Passion’s Vision takes place in the mid 1700′s in the Carolina Cherokee villages. James Fitz-Gerald is an agent in the court of King George II. James is on an undercover mission from the King when he arrives in the Cherokee village, Chota Town. He knows this mission will be his most difficult with the lives of both white families and Native Americans in the balance. With this responsibility weighing heavy on him, the furthest thought from his mind is an entanglement with another woman. That is, until his life is saved by a proud and beautiful Cherokee woman.
New Moon, sister to Chief Dancing Cloud is a warrior in her own right. She hardly notices the stupid white man whose life she saves in battle, but when James arrives in her village she is reminded of the troubling visions sent to her by the Great Spirit. She determines within her hart, even after a vision from the Great Spirit telling her otherwise, she will never belong to a white man and most assuredly not to this one.
Passion’s Vision is the story of the love and respect that grows between an agent in the court of King George II and a Cherokee Princess. Their lives are destined to be filled with adventure and triumph, sometimes with loss and pain, but always with passion.
According to the author, this book contains descriptive writing about sexual acts between consenting adults.
The author has rated this book PG-13 (questionable content for children under 13).
And the angel of God spake unto me in a dream… and he said, “Lift up now thine eyes, and see…” Genesis 31: 11-12 K.J.V.
New Moon raised her arms high as she stretched up and out to the sky. A chill ran along her body and she shivered. She lowered her arms and wrapped them about her as she looked out at the tops of the pines and down to the valley below. She had been here, on this ledge of her beloved mountain, for two days. She heard the screech of an eagle and looked up.
Her husband had called her, “His little sparrow with the heart of an eagle.” If only he were here with her. But, he wasn’t, and so soon the other would arrive. If only she could soar like an eagle now, but she couldn’t. So, like the tiny sparrow, she will not be able to escape here fate.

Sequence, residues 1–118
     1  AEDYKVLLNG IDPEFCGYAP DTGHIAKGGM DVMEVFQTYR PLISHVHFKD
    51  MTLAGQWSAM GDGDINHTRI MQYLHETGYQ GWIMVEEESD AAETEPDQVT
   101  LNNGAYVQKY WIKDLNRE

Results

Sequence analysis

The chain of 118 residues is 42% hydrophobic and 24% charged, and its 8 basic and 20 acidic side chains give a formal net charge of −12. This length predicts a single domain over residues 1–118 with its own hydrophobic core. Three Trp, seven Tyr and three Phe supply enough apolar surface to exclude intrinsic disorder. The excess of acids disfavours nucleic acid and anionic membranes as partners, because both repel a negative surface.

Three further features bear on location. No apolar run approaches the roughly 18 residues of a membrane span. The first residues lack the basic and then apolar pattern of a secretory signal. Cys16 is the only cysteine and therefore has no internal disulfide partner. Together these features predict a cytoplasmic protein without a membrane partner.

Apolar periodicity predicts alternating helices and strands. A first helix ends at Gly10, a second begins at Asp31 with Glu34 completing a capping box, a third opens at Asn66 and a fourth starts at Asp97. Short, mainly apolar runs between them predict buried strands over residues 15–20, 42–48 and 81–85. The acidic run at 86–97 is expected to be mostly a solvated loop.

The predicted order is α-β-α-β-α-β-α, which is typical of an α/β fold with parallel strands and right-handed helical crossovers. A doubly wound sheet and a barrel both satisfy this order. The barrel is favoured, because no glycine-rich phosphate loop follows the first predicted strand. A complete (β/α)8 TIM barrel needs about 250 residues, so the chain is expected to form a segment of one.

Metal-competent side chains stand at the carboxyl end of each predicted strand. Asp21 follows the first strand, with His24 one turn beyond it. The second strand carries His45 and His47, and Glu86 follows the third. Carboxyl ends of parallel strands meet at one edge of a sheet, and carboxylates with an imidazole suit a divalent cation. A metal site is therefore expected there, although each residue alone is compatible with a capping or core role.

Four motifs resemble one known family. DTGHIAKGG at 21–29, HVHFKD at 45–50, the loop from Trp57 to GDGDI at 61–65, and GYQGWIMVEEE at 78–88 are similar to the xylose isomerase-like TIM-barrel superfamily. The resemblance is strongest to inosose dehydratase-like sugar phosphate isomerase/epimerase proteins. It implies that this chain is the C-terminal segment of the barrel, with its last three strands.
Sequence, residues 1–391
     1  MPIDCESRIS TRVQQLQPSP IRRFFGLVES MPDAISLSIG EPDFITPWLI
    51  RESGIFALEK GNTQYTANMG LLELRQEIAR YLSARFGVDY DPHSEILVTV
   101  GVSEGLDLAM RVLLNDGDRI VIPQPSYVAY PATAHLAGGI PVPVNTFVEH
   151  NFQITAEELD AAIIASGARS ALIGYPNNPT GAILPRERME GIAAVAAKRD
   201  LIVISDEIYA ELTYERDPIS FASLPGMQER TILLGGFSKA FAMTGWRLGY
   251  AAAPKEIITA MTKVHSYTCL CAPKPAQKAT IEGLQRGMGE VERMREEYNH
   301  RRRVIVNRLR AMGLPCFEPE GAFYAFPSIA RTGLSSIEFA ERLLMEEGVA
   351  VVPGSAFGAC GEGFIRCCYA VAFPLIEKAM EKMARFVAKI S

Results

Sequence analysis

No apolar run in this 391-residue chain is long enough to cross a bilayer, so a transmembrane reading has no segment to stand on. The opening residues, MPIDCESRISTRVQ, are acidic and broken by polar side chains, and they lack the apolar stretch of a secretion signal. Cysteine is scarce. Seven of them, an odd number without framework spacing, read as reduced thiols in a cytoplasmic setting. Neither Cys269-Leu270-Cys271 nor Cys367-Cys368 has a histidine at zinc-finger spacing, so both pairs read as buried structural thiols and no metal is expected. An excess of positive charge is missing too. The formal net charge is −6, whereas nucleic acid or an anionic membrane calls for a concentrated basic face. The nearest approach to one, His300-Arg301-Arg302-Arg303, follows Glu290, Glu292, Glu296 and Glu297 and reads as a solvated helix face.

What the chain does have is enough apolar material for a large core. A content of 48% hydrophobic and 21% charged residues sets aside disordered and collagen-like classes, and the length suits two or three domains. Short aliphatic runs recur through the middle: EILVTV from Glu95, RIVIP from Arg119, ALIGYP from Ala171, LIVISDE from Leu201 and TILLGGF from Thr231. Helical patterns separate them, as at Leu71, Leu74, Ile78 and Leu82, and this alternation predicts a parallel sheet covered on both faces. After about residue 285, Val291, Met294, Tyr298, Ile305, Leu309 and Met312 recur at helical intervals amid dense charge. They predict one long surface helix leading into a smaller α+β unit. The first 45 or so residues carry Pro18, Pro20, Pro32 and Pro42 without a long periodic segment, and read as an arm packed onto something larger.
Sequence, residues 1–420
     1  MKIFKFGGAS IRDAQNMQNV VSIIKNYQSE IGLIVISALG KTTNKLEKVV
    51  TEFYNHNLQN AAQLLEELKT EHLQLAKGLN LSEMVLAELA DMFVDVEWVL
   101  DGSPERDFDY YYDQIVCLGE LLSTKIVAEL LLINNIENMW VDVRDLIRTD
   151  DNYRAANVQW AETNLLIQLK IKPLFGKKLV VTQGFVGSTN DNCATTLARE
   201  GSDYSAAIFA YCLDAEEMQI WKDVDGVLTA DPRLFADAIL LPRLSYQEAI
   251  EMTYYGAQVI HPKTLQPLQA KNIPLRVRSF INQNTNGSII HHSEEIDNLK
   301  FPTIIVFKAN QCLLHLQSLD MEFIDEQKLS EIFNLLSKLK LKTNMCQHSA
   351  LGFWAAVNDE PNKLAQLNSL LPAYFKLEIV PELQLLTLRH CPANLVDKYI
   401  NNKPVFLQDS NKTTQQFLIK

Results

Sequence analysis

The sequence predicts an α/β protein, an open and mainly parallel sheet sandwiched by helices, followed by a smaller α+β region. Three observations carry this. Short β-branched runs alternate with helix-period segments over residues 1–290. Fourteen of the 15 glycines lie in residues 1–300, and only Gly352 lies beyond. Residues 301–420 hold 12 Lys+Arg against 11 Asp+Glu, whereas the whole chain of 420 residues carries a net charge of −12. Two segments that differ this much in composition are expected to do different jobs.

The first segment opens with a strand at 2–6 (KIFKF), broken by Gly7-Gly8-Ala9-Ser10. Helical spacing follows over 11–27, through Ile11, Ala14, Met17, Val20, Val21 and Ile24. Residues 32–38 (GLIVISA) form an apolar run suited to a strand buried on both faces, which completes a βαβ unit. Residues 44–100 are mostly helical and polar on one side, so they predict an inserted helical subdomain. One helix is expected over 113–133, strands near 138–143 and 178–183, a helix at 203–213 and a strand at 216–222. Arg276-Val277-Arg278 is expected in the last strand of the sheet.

In her vision she had seen a child growing within her belly. A tear ran down her cheek as she placed a hand to her flat stomach. As much as she had wanted to, as much as she had asked the Great Spirit, she had not been able to give him a child. Was her vision truly from the Great Spirit, or was all of this a cruel joke from the trickster? What could it all mean? What would it mean to her and to her people?
New Moon made her way down the side of the mountain to where her brother, Chief Dancing Cloud, waited. “Did the vision come to you?”
He sounded tired, as tired as New Moon felt. She massaged the tense muscles at the back of her neck. What lay ahead would not be easy. “Yes,” she answered and would have walked past but he put out a hand to stop her.
“The spirits tell you that there will be another. Your heart should be happy,” he insisted.
Logic! Her brother was always so logical. She looked past Dancing Cloud to the dawning horizon and blinked in an effort to control the tears that threatened once again to come to her eyes. “Yes, the spirits say he is coming. But I say to you, brother, I will not belong to another. My spirit is too strong. If this were not so I would have been able to give my husband a son.” She drew in a ragged, steadying breath. “I am a warrior.” Her resolve strengthened as her spine stiffened. Just saying the words gave her power. “If he had allowed me to go with him, he would not have died. I would have saved him from the white renegade.”
New Moon knew that Cloud felt her pain and anger as deeply as he felt his own. Yet his argument was always the same. The damp, cool breeze caressed her skin as the direction of the wind changed, and she shivered.
“You are a warrior, my sister,” he agreed. “But you are also a woman. You could not have saved your husband. The spirits were ready for him to come to them.” He pointed to her bandaged wrist. “It is not good that you still wear bandages on your arms. Your time of mourning is over. It is time to let the sad song from your heart. Think about the one the spirits are sending to you. That will make your song turn happy.”
New Moon looked at him. “I have been thinking about the one the spirits say is coming,” she answered before he had a chance to speak again. “I will belong to no man, my brother, and certainly never to a white man!”
Surprise leaped into Cloud’s eyes. “A white man?”
“Yes.” She felt better now. Her brother would understand. “The spirits send a white man. A man with hair the color of the great river’s clay and eyes the color of the summer sky. I will not belong to him!” New Moon stomped past, leaving Cloud to watch her retreating form while he wrestled with his own surprise and growing dread.
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